July 1st is fast approaching, and we all know what that means. Yes, it’s tax time. Unfortunately, filing taxes can be a laborious, frustrating, time-consuming, and somewhat overwhelming process for some of us. However, for others, filing their taxes is a necessary evil that gives them a fantastic opportunity to reduce their tax liability.
These people see the annual period between July 1st and October 31st as a great time to take back a little of what the government took from them. So, what are some simple tax tips you can employ this year?
Work From Home Expenses
COVID changed how we live, what we do, where we can go and how we stay in touch with friends, family members and relatives. However, it also changed how we work. Working from home soon became the norm for many of us during the pandemic.
Claiming work from home expenses requires that you meet three criteria. First, you must have a receipt for each expense you claim. Second, your costs must be tied to how you earned an income. Third, this must be money you spent yourself for which an employer did not reimburse you. So, what can you claim?
- Car Expenses
There are essentially two methods of claiming car expenses. The first uses the ‘cents per kilometre’ method, while the second involves the ‘logbook method’. Of the two, the first option is much more straightforward. You can claim 72 cents for every kilometre up to a maximum of 5000 km.
You can apply a portion of your car expenses to work-related tasks for the logbook method. You can claim your costs of fuel, oil changes, car registration, car insurance, and the decline in your vehicle’s value. However, you need to keep highly accurate records and retain all receipts.
- Travel Expenses
These expenses include lunches with clients, hotels and accommodations, and public transit expenses. Again, keep all receipts and ensure that all costs are your own and were not reimbursed.
- Dry Cleaning and Clothing Expenses
You can claim the costs of dry cleaning and clothing if these expenses are work-related. These expenses might include the costs of a new suit, shoes or pants and shirts.
- Self-Improvement, Training, and Learning Expenses
You can claim any expenses for studying, training, or learning a new trade or skill. This includes course and tuition costs, fuel, parking, computers and computer consumables, books, stationery, trade journals, and a portion of the fees and interest paid on a Higher Education Loan Program (HELP). If you become part of a union after completing your course training, you can deduct a portion of your union dues and fees.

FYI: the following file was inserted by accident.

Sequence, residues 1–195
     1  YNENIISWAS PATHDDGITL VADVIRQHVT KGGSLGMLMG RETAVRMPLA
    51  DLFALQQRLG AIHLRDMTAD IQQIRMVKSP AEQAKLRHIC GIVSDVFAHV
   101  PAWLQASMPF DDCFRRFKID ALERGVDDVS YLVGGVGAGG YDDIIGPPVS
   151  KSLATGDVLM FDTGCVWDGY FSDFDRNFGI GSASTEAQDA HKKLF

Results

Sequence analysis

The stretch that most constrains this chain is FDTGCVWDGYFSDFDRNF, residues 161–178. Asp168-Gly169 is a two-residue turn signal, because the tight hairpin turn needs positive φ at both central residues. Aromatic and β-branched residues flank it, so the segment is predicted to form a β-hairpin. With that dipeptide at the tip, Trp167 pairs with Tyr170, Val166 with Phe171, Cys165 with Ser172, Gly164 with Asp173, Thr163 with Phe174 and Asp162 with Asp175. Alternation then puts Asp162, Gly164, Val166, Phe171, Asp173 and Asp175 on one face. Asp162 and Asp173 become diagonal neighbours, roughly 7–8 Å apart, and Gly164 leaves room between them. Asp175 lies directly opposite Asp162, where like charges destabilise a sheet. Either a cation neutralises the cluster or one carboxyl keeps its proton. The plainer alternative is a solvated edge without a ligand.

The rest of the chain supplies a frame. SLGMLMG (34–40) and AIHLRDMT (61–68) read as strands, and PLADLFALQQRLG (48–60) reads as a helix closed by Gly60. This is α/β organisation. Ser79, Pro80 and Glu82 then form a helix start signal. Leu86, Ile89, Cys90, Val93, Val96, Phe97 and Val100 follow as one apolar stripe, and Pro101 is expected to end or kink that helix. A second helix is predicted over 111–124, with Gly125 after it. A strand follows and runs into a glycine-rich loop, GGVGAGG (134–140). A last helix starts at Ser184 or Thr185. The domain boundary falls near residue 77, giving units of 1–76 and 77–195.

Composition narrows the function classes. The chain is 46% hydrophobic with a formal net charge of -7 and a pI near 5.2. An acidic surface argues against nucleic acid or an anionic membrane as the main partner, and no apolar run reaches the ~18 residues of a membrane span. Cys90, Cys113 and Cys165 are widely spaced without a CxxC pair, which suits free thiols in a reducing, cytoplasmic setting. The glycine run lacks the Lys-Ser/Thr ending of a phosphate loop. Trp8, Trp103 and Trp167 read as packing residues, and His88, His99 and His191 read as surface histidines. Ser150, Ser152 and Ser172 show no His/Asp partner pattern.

You can claim any expenses you’ve covered and have not been reimbursed for COVID testing, PCR testing and other work-related medical expenses.
The SG increased from 10% to 10.5% on 1 July 2022 and is set to rise again to 11% on 1 July 2023 for the 2023–24 financial year. The SG percentage rate will continue increasing by 0.5% every year until it reaches 12% from 1 July 2025.
While you can’t claim tax deductions for before-tax income contributions made by your employer, you could claim a tax deduction for any after-tax contributions you’ve made yourself to your retirement plan. These after-tax contributions would include you making payments directly from your account after receiving your paycheck.
You can claim expenses relating to the costs of managing tax affairs. This means claiming the costs of completing your tax return by an agent, getting advice from a tax preparer or lawyer, or any tax preparation software you purchase.
You can claim donations or gifts you’ve given to a deductible gift recipient (DGR) organisation. You can also claim some deductions for any expenses you’ve covered to earn interest on investments or a portion of your premiums paid on income insurance.
Have a Plan
Having a plan this time of year really pays off in the end. If you’ve been working from home, think about all the costs you cover to earn a living. Keep all receipts and be specific about the deductions you’re applying for. It might help make this year’s tax filing a much simpler process.
If you need help getting started on your investment journey or require expert financial advice, please get in touch with your Accountant and Financial Adviser. They’re there to help you secure your future no matter what stage of life you are in.
General Advice Warning:
If this article has inspired you to think about your own unique situation and, more importantly, what you and your family are going through right now, please contact your advice professional.
This information does not take into account the objectives, financial situation or needs of any person. Before making a decision, you should consider whether it is appropriate in light of your particular objectives, financial situation or needs.